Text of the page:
Focuses primarily on the sale and rental of commercial properties. Multi-unit apartment complexes, warehouses, retail spaces, etc. are common property types.

Benefits: Being that it’s dealing with high-priced commercial buildings and subsequent high lease rates, a commercial agent can make a very nice living selling multi-million dollar properties, and leasing specialty spaces that can sometimes go for high 5 figure amounts.

Cons: It is a proverbial shark tank filled with savvy businessmen and women who look at any opportunity to take any money on the table (whether theirs or not) as a good business decision and react with their wallet rather than emotions.

Investor’s Agent:

Focuses primarily on the acquisition and disposition of investment properties. Requires a very particular set of skills to calculate things such as NOI, cap rates, rehab requirements, rehab costs, rehab returns, etc.

Benefits: These deals are usually all cash which means the deal can progress from contract to closing within 1-2 weeks rather than the months it can take to close residential deals. Also, taking into account the process of wholesaling which we cover in our investment section, there is the possibility to make A LOT of money in a short time with minimal risk.

Cons: Your investor puts a lot of trust in you when you tell them a certain property is a winner and you’re right, you’re a hero. When you’re wrong, you will lose a client almost every single time.  In other words, it takes an insane amount of knowledge on very particular information, and a huge network of bird dogs (property finders) to be a good investor’s agent.

5. Your Network is your Net Worth! (Gale Porter)

The last step we’ll address is the fact that this business, more than probably any other industry, is more about who you know rather than what. Make sure you take every opportunity to expand your network because every single one of your colleagues, neighbors, friends, family, pets, are a potential lead source.  Find your strength quickly (step 4) and pitch yourself as an expert in that field.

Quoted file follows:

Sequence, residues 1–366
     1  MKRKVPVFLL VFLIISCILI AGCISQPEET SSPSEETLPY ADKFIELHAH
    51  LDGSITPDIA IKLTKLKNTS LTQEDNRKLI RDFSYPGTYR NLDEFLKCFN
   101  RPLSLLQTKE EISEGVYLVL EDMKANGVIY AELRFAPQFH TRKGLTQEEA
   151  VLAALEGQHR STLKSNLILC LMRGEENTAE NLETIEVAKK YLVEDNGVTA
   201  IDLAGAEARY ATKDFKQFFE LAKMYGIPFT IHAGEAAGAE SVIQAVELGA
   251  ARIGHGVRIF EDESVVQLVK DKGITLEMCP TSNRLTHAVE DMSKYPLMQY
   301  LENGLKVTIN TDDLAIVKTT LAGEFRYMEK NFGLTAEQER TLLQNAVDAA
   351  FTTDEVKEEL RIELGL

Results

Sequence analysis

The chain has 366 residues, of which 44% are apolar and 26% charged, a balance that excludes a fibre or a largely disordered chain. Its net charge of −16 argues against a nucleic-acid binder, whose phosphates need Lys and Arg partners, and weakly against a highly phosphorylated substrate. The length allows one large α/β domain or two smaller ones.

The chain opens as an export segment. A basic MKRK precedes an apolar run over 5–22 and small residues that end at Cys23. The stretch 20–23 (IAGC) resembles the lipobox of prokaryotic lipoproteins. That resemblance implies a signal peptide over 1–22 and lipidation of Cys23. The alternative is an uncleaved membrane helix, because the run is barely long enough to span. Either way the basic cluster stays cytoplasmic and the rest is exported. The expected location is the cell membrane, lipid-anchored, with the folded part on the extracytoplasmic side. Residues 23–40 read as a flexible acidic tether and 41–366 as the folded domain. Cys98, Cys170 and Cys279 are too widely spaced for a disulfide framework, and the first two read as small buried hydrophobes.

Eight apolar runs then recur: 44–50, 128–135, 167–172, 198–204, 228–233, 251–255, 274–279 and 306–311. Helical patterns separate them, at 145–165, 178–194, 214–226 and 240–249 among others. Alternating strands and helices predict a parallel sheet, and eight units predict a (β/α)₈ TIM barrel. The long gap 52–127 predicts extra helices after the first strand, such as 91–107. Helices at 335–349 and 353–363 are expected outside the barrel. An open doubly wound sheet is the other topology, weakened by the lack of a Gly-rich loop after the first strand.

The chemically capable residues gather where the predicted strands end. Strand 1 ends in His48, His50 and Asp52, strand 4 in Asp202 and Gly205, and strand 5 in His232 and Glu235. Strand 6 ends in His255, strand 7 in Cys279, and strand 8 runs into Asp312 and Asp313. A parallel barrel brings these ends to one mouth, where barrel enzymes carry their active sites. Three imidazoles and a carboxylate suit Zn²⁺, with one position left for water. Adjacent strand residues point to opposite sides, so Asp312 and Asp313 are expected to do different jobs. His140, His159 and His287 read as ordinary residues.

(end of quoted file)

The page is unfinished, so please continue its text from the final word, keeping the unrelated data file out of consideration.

Talking to new agents is a great and usually ignored way to find leads. Even the newest of agents is likely to stumble upon leads at first just from friends, family, and co-workers.  However, sometimes they still feel they do not have the knowledge or experience to actually handle the process of selling a house to a client (refer to the opening paragraph of this article).  This is a great way to say, “hey, Let’s split that lead 50/50 and I’ll help walk you through the process”. Of course, the way you did this was you never let anyone know that you don’t know what you’re doing. See, there’s a little bitch of a catch 22 going on in sales and this is it; you can’t get clients without experience, but you can’t get experience without clients. The answer to this, however, is surprisingly simple; FAKE IT TILL YOU MAKE IT!!! 

Now, here are a few ways that I used to build my network that I think will be helpful to you:

  1. Go to any and all industry seminars
    • This is a great way to not only learn about your industry, but team up with other agents or mortgage brokers that maybe only work a specific part of the industry (see step 4) and might want to send you leads. For example, I rarely handle rental leads and usually give them out to my closer friends and colleagues.
  2. Go to parties/get togethers from any company who invites you.
    • Real Estate companies will throw quarterly, or holiday parties and usually allow anyone to come as a way to bring exposure to their brand.  This is a great way to mingle with investors and other resourceful people that particular company has amassed. Sounds a little shady, but those people have no idea if you work for that company and will usually spill some info that is really beneficial to you.
  3. Add pretty much everyone on social media.
    • Can’t go wrong, facebook limits your requests so be careful, but otherwise, go nuts.
  4. Attend classes at your local board of Realtors.
    • These are young hungry agents usually still caught up in the initial excitement of getting their license. If you have a plan for getting leads that involved a lot of grunt work, these are great people to partner with since they are just glad to be doing anything real estate with any sort of positive outlook. Again, sounds shady, but it’s the world we live in. Dog eat dog, you get it.

Don't Forget To Subscribe & Stay Up To Date!